The Measures and Calculation


Here, the money is calculated as sağ (sound) and çürük (rotten). Usually the type of currency they use is silver coins. Metallic Ura, medjidie, ten kurus, quarter (five kurus) double, and kurus.

They say a paper note for one lira of the money document. • The note lira is twenty-eight kurus for with a kurus account as çürük (rotten), and thirty kurus for a sağ (sound) account. A quatrain, an eight, a quarter, a medjidie would be sound money.

A penny is a kurus, an eight is two kurus. A quarter is five kurus, and a medjidie is twenty kurus.

If it is said with kurus, then it is sound money. If it is said with money, one kurus is fifty money, then it is rotten. For example:

You will buy something that costs three kurus: They call it three fifty, three penny, that is, three kurus means thirty money. However, there is no small money like a penny than kurus. To calculate, they use as sound and rotten.

If they calculate the price of something that costs three kurus with sound money, then the price twelve penny, that is, three quadrant.

In rotten money, one kurus is accepted as fifty money, that is, five pennies. When they say five pennies, then it is understood that the calculation is made with rotten money.

A sound medjidie, that is twenty kurus, corresponds to twenty five kurus in rotten money. Because there is a ten money increase per kurus.

In order to understand whether the medjidie is sound or rotten during the shopping, you should pay attention when they say kurus to medjidie. When they say it is medjidie, then it is sound, if they call it kurus, then it is rotten. For example, they say twenty kurus, then it means twenty five kurus.

The eighteen kurus in rotten money corresponds to twenty seven and a half kurus in sound money. They call the quarter as urup here. Urup is a quarter, that is, five kurus. They do not calculate as sixteen kurus, eighteen kurus during purchase and sell. They say nine eight for a good that costs eighteen kurus. The eights are always considered as sound. Because an eight means eight pennies, as I wrote above, there is no small money. The Republic notes such as ten, twenty, coins, nickels were not circulating back then. These were used only in official procedures. The children used to play with the nickel coins, it is not sure whether they are still valid today or not because I determined these findings in December 1930.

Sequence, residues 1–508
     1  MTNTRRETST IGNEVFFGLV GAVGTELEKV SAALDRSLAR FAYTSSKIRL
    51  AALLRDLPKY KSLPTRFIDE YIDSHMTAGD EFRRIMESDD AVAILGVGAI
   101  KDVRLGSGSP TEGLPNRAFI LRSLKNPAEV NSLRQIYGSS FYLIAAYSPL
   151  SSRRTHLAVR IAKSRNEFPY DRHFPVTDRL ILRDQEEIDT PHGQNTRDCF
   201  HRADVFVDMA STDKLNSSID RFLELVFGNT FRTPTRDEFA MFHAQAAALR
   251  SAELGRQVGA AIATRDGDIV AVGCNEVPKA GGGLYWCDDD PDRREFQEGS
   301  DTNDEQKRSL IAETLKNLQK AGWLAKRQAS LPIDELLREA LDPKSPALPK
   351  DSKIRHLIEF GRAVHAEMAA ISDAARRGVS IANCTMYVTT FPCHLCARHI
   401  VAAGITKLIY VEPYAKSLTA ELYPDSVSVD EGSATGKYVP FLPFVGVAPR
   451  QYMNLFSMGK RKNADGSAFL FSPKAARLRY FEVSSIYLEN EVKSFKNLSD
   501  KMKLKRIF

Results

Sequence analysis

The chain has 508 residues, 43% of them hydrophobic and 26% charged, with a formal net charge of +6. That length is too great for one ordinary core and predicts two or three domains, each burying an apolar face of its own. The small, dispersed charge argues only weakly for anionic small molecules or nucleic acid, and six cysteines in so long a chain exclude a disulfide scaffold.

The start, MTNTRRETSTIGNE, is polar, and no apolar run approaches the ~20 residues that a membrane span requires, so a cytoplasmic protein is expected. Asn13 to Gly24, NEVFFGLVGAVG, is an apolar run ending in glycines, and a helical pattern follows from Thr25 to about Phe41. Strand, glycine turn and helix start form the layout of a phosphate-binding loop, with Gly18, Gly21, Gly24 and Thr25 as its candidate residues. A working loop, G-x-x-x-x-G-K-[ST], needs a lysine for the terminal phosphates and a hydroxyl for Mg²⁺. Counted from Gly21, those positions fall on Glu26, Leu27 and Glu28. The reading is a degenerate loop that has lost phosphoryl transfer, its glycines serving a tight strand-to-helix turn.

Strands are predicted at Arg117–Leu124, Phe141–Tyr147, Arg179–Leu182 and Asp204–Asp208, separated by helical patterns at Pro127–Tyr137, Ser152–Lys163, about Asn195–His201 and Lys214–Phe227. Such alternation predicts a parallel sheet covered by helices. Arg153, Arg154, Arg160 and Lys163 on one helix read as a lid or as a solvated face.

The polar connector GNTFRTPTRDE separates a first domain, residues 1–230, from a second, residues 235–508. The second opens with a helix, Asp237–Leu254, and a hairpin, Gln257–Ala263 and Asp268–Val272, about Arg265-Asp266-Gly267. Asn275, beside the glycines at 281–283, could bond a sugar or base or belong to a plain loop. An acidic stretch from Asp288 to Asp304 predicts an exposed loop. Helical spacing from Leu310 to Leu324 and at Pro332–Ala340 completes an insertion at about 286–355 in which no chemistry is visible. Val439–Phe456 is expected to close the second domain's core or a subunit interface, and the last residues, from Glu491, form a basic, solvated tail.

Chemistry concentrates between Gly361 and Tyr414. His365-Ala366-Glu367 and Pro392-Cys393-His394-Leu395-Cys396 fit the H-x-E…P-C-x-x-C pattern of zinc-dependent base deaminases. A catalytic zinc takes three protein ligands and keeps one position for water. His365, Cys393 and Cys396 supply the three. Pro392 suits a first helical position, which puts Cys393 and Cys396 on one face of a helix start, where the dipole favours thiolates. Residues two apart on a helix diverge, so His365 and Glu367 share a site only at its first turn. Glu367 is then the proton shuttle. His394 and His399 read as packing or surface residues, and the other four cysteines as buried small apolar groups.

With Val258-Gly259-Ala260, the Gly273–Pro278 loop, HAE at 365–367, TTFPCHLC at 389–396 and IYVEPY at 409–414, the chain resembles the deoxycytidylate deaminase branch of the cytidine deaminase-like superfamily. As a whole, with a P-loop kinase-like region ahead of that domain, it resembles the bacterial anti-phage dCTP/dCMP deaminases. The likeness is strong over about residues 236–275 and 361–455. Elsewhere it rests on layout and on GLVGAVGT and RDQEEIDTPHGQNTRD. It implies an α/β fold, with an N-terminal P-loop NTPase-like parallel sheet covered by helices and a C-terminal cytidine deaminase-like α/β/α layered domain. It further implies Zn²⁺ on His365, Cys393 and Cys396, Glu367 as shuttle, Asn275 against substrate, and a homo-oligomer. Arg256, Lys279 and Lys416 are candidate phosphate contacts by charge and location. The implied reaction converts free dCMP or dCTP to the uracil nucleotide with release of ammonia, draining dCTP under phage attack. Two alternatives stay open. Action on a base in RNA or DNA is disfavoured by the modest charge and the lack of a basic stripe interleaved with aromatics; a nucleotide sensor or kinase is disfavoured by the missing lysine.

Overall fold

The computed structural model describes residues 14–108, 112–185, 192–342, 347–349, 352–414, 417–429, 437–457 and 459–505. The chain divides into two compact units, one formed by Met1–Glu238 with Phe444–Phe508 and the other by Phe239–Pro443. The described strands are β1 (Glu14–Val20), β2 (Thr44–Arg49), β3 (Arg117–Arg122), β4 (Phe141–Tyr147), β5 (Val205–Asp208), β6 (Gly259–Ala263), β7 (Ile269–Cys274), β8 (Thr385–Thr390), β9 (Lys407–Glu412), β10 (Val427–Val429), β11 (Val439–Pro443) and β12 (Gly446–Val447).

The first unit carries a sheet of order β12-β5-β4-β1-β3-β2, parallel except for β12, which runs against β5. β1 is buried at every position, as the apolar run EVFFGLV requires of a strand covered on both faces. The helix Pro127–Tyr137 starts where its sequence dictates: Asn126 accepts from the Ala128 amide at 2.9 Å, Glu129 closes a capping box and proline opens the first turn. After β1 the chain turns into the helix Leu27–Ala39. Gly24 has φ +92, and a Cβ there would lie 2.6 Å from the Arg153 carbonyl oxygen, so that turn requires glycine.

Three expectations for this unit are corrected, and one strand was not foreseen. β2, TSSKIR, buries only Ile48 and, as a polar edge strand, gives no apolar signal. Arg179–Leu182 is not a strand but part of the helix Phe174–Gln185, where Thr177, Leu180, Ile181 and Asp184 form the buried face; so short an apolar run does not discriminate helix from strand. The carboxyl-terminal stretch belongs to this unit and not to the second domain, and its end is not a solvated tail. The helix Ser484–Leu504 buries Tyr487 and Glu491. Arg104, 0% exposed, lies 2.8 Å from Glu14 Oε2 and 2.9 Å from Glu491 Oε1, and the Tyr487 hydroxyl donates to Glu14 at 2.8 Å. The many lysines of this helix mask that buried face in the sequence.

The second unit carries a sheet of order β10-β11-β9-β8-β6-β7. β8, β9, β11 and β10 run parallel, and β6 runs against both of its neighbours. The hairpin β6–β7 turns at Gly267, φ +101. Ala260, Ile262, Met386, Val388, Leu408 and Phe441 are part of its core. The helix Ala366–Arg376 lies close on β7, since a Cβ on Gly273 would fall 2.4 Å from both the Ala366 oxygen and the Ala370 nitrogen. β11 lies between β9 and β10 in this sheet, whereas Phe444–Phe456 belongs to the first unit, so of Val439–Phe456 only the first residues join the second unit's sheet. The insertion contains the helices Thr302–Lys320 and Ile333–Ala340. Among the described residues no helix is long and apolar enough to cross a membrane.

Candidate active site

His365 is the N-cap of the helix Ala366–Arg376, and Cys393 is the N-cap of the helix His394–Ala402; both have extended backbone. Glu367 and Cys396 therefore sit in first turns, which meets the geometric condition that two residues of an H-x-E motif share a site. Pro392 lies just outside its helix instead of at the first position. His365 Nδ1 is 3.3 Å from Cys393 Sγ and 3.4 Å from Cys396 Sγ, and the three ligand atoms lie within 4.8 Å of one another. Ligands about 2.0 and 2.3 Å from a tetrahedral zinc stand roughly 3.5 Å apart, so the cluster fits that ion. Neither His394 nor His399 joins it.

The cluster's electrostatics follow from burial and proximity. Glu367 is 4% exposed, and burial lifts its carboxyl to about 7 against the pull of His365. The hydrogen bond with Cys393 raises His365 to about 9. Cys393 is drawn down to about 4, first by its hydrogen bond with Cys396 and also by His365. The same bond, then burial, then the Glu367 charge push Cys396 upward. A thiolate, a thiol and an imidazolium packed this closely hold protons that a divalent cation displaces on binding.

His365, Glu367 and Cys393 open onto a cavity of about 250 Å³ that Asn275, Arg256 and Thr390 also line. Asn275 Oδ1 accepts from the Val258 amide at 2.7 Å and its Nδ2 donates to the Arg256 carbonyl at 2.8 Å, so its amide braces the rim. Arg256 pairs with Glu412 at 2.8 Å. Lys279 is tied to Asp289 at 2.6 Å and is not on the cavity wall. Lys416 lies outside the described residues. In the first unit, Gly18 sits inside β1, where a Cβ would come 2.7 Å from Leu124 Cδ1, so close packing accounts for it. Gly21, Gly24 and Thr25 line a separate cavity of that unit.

The measures used are quarter, carat, batman, oka, and dram.

The quarter is equal to one fourth, carat is equal to fiftheen oka, batman equals to two and half oka, oka equals to four hundred dram. Here, they call the places where people sell and buy cereals such as lentils, chickpeas, barley, wheat as arasa (bazaar). This place is quite wide, those who have cereals to sell and the peasants bring their goods here in heaps. When they sell something, they measure the weight with big boxes like tankards. These are made of wood. They fill these boxes with shovels, measure and give. The boxes are of course made with certain measures. These measures are called rubla, carat, and steel. There are fixed scales that we know in grocery stores. They also use steelyard, but it is so few. Because, the cereals are on scales I wrote abouve, so they do not use the steelyard when they are in the bazaars. In grocery stores, they do not have more dirhems than they can sell one and a half, and finally two okas. For example, the villagers bring things such as wood and coal directly on mules or donkeys, the coals are in sacks, and the wood is just loaded and tied up, so they are negotiated and sold as they are, that is, these are never sold on measure, for this reason the steelyard is not that important and is rarely used.


Source: Müşfika Abdulkadir